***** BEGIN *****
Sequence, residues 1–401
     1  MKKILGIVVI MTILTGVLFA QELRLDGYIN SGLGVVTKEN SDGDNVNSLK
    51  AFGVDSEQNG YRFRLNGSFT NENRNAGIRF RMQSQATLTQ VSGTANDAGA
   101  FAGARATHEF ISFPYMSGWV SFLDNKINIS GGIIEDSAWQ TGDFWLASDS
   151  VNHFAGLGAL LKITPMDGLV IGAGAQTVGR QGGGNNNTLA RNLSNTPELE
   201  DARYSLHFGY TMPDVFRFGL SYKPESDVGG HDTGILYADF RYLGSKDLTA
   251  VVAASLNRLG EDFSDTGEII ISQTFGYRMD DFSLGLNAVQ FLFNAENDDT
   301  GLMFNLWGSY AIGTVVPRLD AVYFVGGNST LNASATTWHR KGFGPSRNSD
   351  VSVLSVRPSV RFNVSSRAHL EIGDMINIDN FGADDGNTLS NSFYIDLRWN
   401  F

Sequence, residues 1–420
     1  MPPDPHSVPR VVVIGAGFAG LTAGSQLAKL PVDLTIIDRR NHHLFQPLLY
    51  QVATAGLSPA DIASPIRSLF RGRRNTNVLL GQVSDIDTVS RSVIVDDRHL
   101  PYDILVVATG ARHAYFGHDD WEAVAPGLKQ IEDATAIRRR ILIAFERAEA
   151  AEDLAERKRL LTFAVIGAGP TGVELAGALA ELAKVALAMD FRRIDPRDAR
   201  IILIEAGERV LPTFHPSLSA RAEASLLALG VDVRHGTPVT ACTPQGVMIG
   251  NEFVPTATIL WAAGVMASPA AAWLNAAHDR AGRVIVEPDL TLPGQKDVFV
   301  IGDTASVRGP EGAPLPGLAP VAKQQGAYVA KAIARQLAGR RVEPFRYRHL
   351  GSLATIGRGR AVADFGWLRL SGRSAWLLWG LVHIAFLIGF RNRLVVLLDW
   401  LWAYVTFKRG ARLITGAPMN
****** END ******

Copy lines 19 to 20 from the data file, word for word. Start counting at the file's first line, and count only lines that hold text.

   351  GSLATIGRGR AVADFGWLRL SGRSAWLLWG LVHIAFLIGF RNRLVVLLDW
   401  LWAYVTFKRG ARLITGAPMN